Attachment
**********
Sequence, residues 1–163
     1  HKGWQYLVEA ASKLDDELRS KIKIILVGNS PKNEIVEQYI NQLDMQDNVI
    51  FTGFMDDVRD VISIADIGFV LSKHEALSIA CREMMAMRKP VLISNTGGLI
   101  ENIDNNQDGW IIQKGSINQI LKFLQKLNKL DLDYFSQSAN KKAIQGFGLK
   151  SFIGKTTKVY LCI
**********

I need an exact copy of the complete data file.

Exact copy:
Sequence, residues 1–163
     1  HKGWQYLVEA ASKLDDELRS KIKIILVGNS PKNEIVEQYI NQLDMQDNVI
    51  FTGFMDDVRD VISIADIGFV LSKHEALSIA CREMMAMRKP VLISNTGGLI
   101  ENIDNNQDGW IIQKGSINQI LKFLQKLNKL DLDYFSQSAN KKAIQGFGLK
   151  SFIGKTTKVY LCI